Phoenix, Arizona - They argue and snub each other, and for years, there has been no love lost between the former Los Angeles Lakers teammates Kobe Bryant and Shaquille O'Neal. But one thing is certain: When the two play together, good things happen.
The occasional friends and adversaries shared the most valuable player trophy Sunday night after their West squad clobbered the East 146-119 to win the National Basketball Association's annual All-Star Game at the US Airways Center.
Bryant, who still guides the Lakers, had a game-high 27 points in 29 minutes while the Phoenix Suns' O'Neal added 17 in 11 minutes.
They put on a show, Shaq engaging in a pantomime dance during pre-game introductions and Bryant lacing the twines with 12-for-23 shooting from the field, including
3-for-8 from beyond the three-point stripe.
And as NBA commissioner David Stern presented the trophy to the two players at centre court after the game, they playfully tugged on it.
"He has been the best player in the league, so I'll give him an A plus from that side and A plus for being a great guy," O'Neal said in a tag-team media conference with Bryant afterward. "He even let me take the trophy home today for my boys, so I appreciate him for that."
It was the third All-Star MVP award for each player, tying them with Michael Jordan for the most in history.
Bryant's have all come since 2002, and in the past four years, he's swapped the trophy every other year with Cleveland's Lebron James, who took it home in 2006 and
O'Neal won in 2004 when the game was played in Los Angeles, and he and Bryant were still with the Lakers. The other was also a co-share in 2000 with San Antonio's Tim Duncan.
To add another dash of drama to the mix, Phil Jackson, the coach of the Lakers now and back then, led the West to victory Sunday in the first game in which all three were on the same side since a rift developed between Bryant and O'Neal and Shaq demanded to be traded to Miami after the 2003-04 season.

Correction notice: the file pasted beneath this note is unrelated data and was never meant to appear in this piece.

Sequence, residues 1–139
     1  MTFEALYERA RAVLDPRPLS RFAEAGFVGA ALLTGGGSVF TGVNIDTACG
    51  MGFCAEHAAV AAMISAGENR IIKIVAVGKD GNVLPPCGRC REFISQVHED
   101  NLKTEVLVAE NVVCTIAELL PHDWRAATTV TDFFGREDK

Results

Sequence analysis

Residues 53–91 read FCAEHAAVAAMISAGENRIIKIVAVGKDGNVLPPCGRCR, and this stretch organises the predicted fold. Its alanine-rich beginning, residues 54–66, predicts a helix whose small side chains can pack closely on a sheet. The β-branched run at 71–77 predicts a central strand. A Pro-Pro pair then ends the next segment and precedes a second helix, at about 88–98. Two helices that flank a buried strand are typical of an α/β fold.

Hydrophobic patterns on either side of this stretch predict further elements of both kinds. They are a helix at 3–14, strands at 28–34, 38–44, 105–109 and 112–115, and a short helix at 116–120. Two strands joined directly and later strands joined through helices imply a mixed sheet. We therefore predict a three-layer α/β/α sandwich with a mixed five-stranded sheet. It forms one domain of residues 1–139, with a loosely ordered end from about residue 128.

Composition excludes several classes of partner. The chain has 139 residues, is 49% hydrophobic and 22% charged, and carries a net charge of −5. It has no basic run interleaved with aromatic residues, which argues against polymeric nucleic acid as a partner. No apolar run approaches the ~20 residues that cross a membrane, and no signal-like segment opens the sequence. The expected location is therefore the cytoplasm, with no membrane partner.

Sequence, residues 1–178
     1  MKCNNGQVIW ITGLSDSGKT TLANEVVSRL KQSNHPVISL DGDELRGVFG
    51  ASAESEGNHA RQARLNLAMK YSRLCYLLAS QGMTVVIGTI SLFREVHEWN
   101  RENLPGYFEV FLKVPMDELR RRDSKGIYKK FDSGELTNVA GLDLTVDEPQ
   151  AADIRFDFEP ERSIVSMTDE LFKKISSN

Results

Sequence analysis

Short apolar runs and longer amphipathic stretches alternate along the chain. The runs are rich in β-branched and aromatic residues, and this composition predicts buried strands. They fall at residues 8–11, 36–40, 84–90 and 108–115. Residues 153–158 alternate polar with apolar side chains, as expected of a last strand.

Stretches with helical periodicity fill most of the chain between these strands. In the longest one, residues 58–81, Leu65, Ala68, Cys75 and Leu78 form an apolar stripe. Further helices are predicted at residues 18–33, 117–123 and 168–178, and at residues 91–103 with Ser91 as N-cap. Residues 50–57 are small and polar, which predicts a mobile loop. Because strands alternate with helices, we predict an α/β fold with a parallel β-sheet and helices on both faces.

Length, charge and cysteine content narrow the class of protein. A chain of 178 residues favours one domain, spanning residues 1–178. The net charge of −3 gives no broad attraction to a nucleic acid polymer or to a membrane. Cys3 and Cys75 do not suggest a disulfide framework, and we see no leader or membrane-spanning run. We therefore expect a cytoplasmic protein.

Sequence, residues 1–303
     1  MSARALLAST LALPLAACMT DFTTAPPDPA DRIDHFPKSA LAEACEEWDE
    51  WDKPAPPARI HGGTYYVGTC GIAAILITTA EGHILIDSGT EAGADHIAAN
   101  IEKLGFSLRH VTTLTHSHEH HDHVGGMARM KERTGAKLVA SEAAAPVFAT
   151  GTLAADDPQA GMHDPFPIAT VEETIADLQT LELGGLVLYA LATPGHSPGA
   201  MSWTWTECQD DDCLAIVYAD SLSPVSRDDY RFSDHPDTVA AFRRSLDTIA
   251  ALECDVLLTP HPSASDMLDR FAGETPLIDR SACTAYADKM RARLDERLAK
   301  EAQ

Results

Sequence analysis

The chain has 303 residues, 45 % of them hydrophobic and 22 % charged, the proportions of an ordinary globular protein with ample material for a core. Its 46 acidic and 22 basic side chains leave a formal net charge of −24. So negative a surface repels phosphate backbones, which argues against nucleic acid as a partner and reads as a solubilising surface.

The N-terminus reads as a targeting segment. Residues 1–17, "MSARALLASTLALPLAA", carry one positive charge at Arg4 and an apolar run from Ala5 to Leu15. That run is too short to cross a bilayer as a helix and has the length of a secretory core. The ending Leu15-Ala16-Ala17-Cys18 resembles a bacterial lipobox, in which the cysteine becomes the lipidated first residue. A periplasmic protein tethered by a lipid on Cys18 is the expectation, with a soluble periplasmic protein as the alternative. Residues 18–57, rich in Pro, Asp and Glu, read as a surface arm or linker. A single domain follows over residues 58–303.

"The sub story was Shaq and Kobe," Jackson said. "That's what you guys were interested in. It's a great life lesson for people. People find a way to get through situations, find harmony in their life and find co-habitation. I will just say they had a fun time."
They always did. With the pair complementing each other, the Lakers won three NBA titles in a row from 2000 to 2002.
O'Neal won another with the Heat in 2006 before moving to the sagging Suns, who reportedly are about to replace their coach, Terry Porter, with assistant Alvin Gentry.
Bryant, whose Lakers lost in the finals last year to the Celtics, said that Sunday night's reunion was not a nostalgic journey for him.
"We're not going to go back to the room and watch [the movie] Steel Magnolias or anything," Bryant said. "You know what I'm saying? Crying and all of that stuff. [Nostalgia] is perfectly fine. Nothing wrong with being nostalgic. It's not necessarily my cup of tea."
O'Neal, who was traded back into the Western Conference last season, was a little more sentimental.
"It was like old times," he said. "I miss those times."
Particularly when the pair teamed up for a four-minute, nine-second, sequence in the third quarter during which Bryant fed O'Neal for two baskets, including one of their patented pick and rolls. Bryant also added a driving reverse layup.
"We ran a couple of things for them in the second half," Jackson said. "Shaq got going. That's the first time I've seen an MVP that played 11 minutes in an All-Star Game. He really had an impact. There's no doubt about it. But the impact was short-spelled and strongly felt." (dpa)